Gab.com’s Statement on [Jan 6] Events in Washington, D.C.

Andrew Torba
Gab.com

January 6, 2021

Today, the New York Times wrote an article attempting to place the blame for today’s events in D.C. on social media sites like Gab:

“On social media sites requested by the far-right, such as Gab…. directions on which streets to take to avoid the police and which tools to bring to help pry open doors were exchanged in comments.”

  • Second: we work with law enforcement, state, federal, and international, to promote public safety. We proactively report when our moderation team discovers content which we believe poses an imminent threat to life and respond rapidly when law enforcement identifies any such threat. We do not comment on our communications with law enforcement in emergency situations, even when it is inconvenient to do so from a public relations perspective. 
  • Third: we do not preemptively scan user content for criminal speech. Before the Capitol was occupied by protestors we had no idea what would come from today’s protests in D.C. 
  • Fourth: as a result of app store bans, we do not have a mobile app. The majority of our users use Gab on desktop devices, which obviously are not easy to bring and use at a protest. The overwhelming majority of people using Gab today were observing the protest from home and reporting what they saw online.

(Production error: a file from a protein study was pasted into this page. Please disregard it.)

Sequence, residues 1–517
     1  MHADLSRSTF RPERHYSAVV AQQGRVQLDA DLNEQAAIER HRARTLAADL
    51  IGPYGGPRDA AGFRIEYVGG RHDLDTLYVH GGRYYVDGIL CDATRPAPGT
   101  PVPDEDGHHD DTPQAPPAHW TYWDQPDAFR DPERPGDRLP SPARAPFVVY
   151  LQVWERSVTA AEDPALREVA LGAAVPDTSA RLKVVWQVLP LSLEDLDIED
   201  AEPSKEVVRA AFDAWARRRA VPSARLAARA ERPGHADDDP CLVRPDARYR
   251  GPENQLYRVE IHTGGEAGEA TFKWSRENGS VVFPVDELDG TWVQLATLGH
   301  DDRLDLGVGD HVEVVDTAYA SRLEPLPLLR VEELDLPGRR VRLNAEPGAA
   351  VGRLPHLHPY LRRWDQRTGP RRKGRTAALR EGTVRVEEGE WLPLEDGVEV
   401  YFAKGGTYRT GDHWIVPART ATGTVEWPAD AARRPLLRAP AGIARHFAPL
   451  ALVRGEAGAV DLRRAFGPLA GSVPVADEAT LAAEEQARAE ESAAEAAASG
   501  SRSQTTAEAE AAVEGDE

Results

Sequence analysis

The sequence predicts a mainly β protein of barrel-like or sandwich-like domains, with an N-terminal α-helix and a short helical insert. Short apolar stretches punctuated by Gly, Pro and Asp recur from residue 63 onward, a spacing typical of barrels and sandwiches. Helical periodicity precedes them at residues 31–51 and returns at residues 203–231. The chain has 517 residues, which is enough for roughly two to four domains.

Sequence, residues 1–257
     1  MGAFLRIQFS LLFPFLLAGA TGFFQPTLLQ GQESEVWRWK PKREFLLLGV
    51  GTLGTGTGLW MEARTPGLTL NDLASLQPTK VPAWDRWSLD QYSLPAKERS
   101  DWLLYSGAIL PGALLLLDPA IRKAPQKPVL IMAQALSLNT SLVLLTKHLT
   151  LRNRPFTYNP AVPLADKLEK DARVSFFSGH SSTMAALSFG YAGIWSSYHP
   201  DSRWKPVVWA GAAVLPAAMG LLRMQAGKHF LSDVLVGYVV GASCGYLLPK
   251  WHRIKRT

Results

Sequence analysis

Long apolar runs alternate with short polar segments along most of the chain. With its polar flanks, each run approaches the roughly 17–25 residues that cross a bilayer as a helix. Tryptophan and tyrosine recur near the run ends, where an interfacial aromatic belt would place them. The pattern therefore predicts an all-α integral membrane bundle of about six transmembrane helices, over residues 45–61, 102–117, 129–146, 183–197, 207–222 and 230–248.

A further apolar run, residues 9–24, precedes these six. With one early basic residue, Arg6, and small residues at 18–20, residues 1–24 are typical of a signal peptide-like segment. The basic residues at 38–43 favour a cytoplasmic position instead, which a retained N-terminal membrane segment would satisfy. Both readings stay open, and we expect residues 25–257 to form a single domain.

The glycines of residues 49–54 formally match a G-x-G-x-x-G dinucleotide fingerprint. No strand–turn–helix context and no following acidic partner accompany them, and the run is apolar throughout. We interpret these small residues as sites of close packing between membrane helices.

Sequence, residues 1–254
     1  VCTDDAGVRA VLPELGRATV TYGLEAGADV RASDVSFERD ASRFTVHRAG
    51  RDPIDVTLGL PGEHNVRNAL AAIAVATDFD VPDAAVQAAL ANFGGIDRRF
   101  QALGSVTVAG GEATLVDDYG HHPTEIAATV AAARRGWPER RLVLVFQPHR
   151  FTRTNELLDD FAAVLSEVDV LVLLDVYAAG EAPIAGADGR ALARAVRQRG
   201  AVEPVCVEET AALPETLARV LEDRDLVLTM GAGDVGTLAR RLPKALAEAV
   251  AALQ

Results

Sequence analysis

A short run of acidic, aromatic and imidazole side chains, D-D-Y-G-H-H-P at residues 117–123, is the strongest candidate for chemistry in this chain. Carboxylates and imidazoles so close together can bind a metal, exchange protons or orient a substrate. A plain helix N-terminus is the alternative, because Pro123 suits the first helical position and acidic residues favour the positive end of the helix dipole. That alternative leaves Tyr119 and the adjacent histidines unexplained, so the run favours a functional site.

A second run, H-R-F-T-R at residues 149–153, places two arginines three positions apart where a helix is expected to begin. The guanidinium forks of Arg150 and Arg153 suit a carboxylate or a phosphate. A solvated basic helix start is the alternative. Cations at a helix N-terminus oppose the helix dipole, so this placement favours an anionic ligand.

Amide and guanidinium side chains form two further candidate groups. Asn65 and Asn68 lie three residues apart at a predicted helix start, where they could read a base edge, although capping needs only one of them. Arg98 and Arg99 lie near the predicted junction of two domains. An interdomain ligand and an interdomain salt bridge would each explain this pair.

• Fifth: the people in attendance at today’s event in D.C. are on Twitter and Facebook, too, and in far larger numbers than Gab. 

To be perfectly honest, organizations like the New York Times are the problem here. Over the course of 2020, political violence across the United States has been normalized by Democratic Party politicians and the mainstream media who excused away and refused to enforce the law against “peaceful protestors” – in reality violent agitators and domestic terrorists – who embarked upon various outrages including the occupation of several square blocks of Seattle, the setting fire to small businesses and federal buildings across the U.S., and yes, even forcing D.C. to board up on more than one occasion. 

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